Just like we get a tan and our skin gets darker in response to sunlight exposure, whales increase the pigment in their skin as well, but not only do they do this, they also accumulate damage to the cells in the skin as they get older, just like humans.
“Whales can be thought of as the UV barometers of the sea. It’s important that we study them as they are some of the longest living sea creatures and are sensitive to changes in their environment so they reflect the health of the ocean.”
Whales are among the most unlikely creatures to suffer from global warming, but they do suffer. Skin experts from the Newcastle University were called in after marine biologists in Mexico noticed an increasing number of whales in the area had blistered skin. After they analyzed samples from three types of whales (blue, sperm and fin), it became clear that whales are indeed suffering from UV burns – something which was also shown a while ago.
However, this is the first study which studies whales have been studied at a genetic level, linking genetic damage caused by UV and migration patterns.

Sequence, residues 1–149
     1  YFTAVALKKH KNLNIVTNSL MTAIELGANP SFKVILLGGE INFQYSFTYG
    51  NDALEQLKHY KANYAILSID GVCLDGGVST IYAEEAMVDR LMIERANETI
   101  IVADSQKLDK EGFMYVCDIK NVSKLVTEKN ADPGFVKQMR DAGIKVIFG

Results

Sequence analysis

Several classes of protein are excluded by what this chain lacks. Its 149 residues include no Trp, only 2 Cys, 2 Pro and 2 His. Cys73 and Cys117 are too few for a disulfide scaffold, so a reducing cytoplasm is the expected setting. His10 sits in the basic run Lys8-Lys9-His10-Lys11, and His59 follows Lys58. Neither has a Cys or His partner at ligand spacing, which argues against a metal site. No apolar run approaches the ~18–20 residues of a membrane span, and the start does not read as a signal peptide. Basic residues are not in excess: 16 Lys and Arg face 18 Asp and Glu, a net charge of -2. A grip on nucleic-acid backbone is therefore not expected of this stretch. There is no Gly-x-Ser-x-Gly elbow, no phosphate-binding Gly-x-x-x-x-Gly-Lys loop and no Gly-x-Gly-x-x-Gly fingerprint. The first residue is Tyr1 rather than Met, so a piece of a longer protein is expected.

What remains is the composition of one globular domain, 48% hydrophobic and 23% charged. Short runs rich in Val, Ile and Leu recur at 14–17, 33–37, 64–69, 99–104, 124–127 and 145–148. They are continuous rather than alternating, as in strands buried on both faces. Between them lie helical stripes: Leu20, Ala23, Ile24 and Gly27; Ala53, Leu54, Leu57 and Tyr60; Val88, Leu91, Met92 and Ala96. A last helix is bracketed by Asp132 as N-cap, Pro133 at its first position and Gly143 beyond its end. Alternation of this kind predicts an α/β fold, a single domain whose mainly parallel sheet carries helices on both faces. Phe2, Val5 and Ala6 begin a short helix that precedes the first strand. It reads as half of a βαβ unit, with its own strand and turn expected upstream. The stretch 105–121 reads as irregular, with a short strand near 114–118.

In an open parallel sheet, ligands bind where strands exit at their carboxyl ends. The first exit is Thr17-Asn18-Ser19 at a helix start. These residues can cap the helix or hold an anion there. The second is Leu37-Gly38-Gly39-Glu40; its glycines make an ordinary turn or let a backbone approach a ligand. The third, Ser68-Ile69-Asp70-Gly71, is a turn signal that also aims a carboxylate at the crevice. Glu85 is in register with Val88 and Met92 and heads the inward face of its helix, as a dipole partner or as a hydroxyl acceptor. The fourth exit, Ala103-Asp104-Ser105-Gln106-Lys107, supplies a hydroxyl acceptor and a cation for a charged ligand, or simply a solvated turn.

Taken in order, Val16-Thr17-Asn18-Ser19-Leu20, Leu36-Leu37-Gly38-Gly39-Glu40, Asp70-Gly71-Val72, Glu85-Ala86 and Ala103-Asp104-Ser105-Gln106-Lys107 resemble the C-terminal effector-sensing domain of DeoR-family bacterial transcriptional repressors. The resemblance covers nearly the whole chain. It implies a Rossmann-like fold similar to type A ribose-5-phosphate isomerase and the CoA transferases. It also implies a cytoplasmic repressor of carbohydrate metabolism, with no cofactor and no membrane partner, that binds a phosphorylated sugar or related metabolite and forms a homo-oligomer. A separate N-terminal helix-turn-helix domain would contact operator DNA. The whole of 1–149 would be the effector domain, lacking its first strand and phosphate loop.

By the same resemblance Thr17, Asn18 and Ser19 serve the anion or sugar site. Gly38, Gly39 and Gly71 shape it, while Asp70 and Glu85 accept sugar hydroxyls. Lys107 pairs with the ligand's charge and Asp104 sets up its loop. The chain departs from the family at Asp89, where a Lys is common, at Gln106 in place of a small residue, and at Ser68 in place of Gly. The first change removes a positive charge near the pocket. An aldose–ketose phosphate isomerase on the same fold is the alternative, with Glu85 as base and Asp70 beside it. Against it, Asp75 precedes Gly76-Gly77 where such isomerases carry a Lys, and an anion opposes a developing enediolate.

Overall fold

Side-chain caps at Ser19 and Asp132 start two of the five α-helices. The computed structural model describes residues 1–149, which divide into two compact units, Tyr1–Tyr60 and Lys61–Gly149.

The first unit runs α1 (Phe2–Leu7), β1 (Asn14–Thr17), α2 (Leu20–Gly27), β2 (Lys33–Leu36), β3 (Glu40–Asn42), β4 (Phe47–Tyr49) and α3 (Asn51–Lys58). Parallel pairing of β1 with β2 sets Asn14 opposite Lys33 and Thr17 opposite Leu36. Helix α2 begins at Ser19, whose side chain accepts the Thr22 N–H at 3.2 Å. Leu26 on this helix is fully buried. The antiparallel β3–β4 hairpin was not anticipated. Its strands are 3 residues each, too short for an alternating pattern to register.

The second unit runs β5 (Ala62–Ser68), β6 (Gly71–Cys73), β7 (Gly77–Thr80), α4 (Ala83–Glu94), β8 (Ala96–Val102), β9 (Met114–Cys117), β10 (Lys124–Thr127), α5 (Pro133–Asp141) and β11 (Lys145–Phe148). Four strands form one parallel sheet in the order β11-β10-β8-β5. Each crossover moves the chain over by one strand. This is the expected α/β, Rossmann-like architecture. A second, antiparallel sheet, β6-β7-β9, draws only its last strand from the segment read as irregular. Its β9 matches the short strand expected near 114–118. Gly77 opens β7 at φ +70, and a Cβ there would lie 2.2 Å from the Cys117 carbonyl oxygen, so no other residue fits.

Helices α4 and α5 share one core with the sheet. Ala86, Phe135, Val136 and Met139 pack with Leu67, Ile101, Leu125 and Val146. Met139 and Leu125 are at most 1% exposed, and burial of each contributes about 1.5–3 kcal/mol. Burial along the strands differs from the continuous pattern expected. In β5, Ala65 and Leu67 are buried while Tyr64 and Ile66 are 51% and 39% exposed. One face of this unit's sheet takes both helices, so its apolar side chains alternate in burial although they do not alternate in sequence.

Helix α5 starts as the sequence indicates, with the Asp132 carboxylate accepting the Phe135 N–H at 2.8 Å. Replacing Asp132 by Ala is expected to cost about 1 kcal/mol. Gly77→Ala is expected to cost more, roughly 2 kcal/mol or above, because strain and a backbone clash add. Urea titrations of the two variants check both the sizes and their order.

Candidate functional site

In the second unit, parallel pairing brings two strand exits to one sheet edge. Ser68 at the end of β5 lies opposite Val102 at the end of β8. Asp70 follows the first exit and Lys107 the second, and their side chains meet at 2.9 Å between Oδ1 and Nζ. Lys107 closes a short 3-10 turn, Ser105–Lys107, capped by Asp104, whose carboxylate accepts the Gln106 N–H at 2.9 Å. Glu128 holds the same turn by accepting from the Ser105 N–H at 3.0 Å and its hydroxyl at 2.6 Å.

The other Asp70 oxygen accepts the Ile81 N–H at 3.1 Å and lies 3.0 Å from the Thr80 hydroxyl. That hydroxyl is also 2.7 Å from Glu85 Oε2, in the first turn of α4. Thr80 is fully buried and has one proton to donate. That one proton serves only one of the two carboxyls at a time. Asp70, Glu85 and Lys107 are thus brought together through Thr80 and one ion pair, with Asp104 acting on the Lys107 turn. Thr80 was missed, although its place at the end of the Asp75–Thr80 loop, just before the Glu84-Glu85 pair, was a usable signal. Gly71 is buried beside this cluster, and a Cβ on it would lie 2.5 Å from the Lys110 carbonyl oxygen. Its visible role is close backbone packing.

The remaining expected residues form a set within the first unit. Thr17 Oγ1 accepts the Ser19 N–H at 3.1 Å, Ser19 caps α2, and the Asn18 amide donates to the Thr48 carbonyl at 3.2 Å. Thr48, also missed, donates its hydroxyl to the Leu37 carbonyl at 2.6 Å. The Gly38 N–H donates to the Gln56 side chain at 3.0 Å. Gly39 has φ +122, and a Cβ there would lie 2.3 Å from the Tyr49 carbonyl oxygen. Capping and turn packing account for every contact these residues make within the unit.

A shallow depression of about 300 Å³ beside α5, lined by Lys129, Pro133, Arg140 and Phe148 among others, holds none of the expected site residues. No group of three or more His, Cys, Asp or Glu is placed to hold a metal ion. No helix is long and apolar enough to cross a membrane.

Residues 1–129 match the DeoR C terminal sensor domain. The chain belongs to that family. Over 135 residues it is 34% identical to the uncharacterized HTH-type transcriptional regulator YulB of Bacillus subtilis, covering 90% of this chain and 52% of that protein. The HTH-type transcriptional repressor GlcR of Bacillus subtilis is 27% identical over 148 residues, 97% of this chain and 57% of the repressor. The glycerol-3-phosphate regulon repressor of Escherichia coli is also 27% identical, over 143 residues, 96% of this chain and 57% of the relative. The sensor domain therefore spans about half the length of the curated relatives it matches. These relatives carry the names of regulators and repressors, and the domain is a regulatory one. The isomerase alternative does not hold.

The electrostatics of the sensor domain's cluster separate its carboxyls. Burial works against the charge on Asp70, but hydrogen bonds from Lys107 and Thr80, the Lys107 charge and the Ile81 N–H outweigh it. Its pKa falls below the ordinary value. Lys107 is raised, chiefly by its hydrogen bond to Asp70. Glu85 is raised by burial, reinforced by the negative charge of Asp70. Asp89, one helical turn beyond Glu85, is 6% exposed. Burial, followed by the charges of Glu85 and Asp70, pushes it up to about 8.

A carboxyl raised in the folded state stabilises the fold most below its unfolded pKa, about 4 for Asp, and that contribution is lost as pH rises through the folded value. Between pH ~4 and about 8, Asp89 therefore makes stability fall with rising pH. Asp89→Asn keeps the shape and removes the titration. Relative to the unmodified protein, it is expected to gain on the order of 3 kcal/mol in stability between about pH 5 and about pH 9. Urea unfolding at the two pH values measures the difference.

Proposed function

Migrating whales ‘tan’ the most:
“There has been an increase in the number of reports on blister-type skin lesions in various whale species in areas of high UV radiation. In many cases no infectious microorganism has been found associated with these lesions. It’s important that we study the effect of UV radiation on whale skin and the mechanisms that these species use to counteract such damage, both from an evolutionary approach and from a conservation perspective.”
But how dangerous is this fact?
“We need to investigate further what is happening,” said Professor Birch-Machin, “if we are already seeing blistered skin in the whales caused by UV damage then we want to know whether this could develop into skin cancer and therefore serve as an early warning system.
Blistering whales may not seem like much as you’re reading this from your home or office or wherever, but it is a sobering sign that global warming is indeed affecting each and every one of us, and each and every living thing on the face of the Earth.
“These whales occupy the same area year after year, so it is increasingly possible to understand the status of their populations, and what may be going on around them and in the environment. They are a reminder that changing climatic conditions are affecting every creature on the planet.”
Journal Reference: Laura M. Martinez-Levasseur, Mark A. Birch-Machin, Amy Bowman, Diane Gendron, Elizabeth Weatherhead, Robert J. Knell, Karina Acevedo-Whitehouse. Whales Use Distinct Strategies to Counteract Solar Ultraviolet Radiation. Scientific Reports, 2013; 3 DOI: 10.1038/srep02386
Andrei's background is in geophysics, and he's been fascinated by it ever since he was a child. Feeling that there is a gap between scientists and the general audience, he started ZME Science -- and the results are what you see today.